About Menkes Disease

Menkes disease is a rare X-linked pediatric disease caused by gene mutations of copper transporter ATP7A, which affects approximately one in 100,000 newborns per year. Biochemically, Menkes patients may have low levels of copper in their blood and brain, as well as abnormal levels of catecholamine. The condition is characterized by distinctive clinical features, including sparse and depigmented hair (“kinky hair”), failure to thrive, connective tissue disorders and severe neurological symptoms such as seizures. Definitive diagnosis is typically made by sequencing of the ATP7A gene. If untreated, mortality for Menkes disease is high, with many patients dying before the age of three. Currently, there is no FDA-approved treatment for Menkes disease and related disorders in copper metabolism.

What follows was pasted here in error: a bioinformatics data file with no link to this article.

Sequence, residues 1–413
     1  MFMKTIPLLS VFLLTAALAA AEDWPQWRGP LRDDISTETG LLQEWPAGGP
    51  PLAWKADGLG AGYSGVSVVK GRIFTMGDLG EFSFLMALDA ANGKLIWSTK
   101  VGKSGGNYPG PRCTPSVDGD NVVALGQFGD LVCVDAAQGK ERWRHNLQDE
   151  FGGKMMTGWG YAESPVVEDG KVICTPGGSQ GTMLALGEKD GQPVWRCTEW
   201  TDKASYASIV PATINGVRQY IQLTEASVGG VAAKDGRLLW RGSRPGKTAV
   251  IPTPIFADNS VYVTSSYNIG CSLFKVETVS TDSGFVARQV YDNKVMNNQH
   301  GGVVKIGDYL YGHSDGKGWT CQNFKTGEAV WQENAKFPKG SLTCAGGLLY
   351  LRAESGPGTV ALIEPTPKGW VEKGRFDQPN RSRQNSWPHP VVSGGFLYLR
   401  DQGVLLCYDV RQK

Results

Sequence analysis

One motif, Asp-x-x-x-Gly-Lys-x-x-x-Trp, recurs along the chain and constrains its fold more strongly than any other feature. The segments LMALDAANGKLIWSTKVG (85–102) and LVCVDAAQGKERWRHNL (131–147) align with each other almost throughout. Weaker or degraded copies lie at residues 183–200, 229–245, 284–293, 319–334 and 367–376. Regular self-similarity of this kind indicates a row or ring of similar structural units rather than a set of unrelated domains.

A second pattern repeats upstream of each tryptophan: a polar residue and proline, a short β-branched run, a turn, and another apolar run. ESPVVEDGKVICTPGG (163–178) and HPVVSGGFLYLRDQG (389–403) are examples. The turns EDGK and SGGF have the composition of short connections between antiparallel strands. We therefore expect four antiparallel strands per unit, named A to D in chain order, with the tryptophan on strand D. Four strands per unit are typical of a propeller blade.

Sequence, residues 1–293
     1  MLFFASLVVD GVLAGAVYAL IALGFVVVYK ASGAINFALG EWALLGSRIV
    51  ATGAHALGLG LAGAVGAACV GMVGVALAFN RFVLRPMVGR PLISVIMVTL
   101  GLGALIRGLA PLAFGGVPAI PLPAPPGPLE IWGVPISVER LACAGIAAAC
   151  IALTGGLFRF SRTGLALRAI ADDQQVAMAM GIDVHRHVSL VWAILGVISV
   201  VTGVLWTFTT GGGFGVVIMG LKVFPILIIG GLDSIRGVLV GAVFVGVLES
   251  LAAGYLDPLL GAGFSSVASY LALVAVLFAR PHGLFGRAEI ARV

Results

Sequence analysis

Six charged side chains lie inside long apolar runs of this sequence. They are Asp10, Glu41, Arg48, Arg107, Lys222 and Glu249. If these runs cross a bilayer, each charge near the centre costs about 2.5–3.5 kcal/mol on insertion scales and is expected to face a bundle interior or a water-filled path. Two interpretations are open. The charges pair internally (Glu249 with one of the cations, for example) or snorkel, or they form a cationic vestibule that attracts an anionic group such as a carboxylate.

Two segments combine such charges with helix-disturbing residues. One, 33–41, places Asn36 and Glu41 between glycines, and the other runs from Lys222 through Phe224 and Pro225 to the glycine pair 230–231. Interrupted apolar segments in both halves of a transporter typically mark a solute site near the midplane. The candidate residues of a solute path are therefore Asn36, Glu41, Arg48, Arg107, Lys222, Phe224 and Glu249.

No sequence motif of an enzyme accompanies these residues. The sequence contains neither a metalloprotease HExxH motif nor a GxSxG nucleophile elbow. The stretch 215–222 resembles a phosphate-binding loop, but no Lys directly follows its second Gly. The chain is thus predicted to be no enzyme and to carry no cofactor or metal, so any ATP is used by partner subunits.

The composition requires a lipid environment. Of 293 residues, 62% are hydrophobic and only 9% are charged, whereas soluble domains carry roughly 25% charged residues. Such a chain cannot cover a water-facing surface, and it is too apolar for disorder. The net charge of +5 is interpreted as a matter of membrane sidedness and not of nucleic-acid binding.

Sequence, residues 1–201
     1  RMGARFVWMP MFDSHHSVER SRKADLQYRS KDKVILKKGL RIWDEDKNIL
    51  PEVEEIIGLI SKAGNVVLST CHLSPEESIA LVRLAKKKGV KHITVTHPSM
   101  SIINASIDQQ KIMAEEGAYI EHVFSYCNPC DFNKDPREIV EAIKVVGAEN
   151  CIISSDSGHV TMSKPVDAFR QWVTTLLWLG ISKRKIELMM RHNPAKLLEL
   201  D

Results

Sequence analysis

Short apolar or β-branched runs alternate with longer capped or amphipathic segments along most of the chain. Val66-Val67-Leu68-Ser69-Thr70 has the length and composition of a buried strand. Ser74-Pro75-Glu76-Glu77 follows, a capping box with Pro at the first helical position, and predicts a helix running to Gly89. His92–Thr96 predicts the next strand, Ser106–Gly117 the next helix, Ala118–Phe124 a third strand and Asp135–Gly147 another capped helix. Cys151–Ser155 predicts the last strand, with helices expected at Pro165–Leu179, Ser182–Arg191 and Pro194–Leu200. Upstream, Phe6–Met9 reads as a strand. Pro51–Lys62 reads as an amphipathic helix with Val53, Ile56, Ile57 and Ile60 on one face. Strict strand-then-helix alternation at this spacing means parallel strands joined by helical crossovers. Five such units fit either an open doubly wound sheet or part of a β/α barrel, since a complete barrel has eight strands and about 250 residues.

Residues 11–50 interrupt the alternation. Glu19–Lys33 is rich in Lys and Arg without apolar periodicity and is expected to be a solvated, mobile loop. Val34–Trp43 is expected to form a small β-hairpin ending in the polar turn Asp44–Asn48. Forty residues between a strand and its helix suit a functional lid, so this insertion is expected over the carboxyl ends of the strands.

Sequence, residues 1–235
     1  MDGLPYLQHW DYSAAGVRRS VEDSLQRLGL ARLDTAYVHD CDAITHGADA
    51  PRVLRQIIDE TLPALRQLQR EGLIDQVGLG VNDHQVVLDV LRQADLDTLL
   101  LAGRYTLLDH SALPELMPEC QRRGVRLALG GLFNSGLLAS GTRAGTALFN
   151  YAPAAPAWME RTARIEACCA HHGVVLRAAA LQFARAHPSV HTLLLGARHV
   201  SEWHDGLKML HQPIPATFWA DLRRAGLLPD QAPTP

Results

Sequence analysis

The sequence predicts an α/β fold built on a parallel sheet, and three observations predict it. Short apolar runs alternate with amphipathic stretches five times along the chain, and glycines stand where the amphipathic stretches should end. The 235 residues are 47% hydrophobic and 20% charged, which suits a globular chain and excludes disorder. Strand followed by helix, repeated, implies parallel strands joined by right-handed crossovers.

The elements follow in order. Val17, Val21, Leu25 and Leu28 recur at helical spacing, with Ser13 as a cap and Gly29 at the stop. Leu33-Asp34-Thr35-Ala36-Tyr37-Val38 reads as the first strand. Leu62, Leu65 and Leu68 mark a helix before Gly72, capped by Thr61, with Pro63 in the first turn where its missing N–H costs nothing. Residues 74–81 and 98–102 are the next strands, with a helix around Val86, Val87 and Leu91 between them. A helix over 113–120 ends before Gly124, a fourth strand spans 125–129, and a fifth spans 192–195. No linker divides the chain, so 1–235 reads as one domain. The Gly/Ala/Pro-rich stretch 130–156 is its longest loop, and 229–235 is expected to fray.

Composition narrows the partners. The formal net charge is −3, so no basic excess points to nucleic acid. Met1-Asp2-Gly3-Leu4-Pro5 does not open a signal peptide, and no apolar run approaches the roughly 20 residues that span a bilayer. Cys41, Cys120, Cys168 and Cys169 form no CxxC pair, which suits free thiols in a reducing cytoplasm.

For more information about Menkes disease, please visit the following sites:

National Institutes of Health (NIH)

https://rarediseases.info.nih.gov/diseases/1521/menkes-disease

National Organization for Rare Disorders (NORD)

https://rarediseases.org/rare-diseases/menkes-disease/